Introducing Fred Calef III

This week we have Fred Calef III hosting astrotweeps. Fred graduated from the University of Alaska Fairbanks (UAF) in Geological Sciences in 2010. His dissertation was on fresh small rayed impact craters on Mars, looking at ejecta retention rates and what they tell us about the current environment and geomorphic evolution of the surface. He postdoc’d at California Institute of Technology (Caltech) via the Jet Propulsion Laboratory (JPL) doing landing site analysis for the Mars Science Laboratory (MSL, aka Curiosity) as well as trained as an Engineering Camera Payload Uplink Lead (ECAM-PUL) for the Mars Exploration Rover (MER) Opportunity. Towards the end of his postdoc, he was hired at JPL as the Geospatial Information Scientist, aka ‘Keeper of the Maps’, and Co-Localization Scientist for MSL. Besides work on MER and MSL, Fred is on the InSight lander science team as ‘Keeper of the Map’ for placement of a seismometer (SEIS) and heatprobe (HP3) as well as doing landing site analysis for InSight and the Mars2020 rover. You can find Fred on twitter at @cirquelar

Introducing Gal Sarid

Gal Sarid has recently joined the Florida Space Institute, at the University of Central Florida, as an associate scientist in planetary sciences (late 2014). Before moving to the Sunshine State he spent some time as a postdoctoral research associate in the Aloha State (Institute for Astronomy and NASA Astrobiology Institute at the University of Hawaii Manoa) and The People’s Republic of Cambridge (Earth & Planetary Sciences department at Harvard). He completed his PhD in Planetary Sciences (with a heavy background in physics and astronomy) at Tel Aviv University, Israel, overlooking the Mediterranean and working with Prof. Dina Prialnik.

He works on topics involving thermal and collisional evolution of planetary bodies (comets, asteroids and terrestrial planets) and early compositional evolution in the solar system. Most of his research focuses on relating thermo-physical, chemical and dynamical properties of various small body populations to their origin conditions and evolution pathways. The ultimate goal is to understand how planetary systems arrange themselves and promote habitable conditions.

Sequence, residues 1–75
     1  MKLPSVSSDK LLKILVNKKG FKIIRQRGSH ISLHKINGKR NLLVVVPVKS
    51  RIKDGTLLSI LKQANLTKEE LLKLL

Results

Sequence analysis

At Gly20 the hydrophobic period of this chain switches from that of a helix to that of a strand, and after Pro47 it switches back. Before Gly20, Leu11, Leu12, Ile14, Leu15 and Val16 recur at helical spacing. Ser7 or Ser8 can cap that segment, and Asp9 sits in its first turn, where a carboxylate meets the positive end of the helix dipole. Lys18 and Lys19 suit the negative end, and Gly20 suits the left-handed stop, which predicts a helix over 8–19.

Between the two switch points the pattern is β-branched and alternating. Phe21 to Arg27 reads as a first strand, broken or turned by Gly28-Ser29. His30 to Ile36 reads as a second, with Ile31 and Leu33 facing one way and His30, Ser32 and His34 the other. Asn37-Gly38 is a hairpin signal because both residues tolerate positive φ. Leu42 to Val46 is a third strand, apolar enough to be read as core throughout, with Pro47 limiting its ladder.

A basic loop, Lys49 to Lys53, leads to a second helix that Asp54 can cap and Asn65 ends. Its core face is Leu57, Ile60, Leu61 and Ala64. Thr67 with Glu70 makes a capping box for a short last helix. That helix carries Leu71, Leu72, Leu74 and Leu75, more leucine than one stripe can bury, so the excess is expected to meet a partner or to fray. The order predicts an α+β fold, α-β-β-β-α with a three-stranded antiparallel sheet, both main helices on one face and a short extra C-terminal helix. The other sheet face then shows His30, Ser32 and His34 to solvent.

With a general inquiring sense, Gal is willing and able to chat, collaborate and work on any interesting question in the realm of planetary physics. Now let’s discuss one of the more exciting times to be involved in space exploration!

Introducing Emily Rice

Emily Rice is an assistant professor in the Dept. of Engineering Science & Physics at the College of Staten Island (City University of New York), faculty in Physics at the CUNY Graduate Center, member of CUNY Astro, and resident research associate in the Dept. of Astrophysics at the American Museum of Natural History. She studies low mass stars, brown dwarfs, & exoplanets by studying their spectra and modeling their atmospheres. Additionally she is a co-author of a new lab manual for introductory college-level astronomy courses.

She frequently give public presentations, including at the Hayden Planetarium. Emily also makes fun videos, organize astronomy presentations at bars, and share science fashion. Some past projects include AMNH’s Science Bulletins and Cosmic Discoveries iPhone app.

You can find Emily tweeting at @emilylurice.

Introducing Barbara Cohen

Dr. Barbara Cohen leads the planetary science group at the Marshall Space Flight Center. Originally from upstate New York, Dr. Cohen earned her BS in Geology from the State University of New York at Stony Brook and her PhD in Planetary Science from the University of Arizona. She is now a planetary scientist at NASA’s Marshall Space Flight Center interested in geochronology and geochemistry of planetary samples from the Moon, Mars and asteroids.

Dr. Cohen serves within NASA representing science interests and capabilities within human spaceflight planning. She is a Principal Investigator on multiple NASA research projects, a member of the Mars Exploration Rover mission team still operating the Opportunity rover, and the principal investigator for Lunar Flashlight, a lunar cubesat mission that will be launched in 2018 as an SLS secondary payload. She is the PI for the MSFC Noble Gas Research Laboratory (MNGRL) and is developing a flight version of her noble-gas geochronology technique, the Potassium-Argon Laser Experiment (KArLE), for use on future planetary landers and rovers. She has participated in the Antarctic Search for Meteorites (ANSMET) over three seasons, where she helped recovered more than a thousand pristine samples for the US collection, and asteroid 6186 Barbcohen is named for her.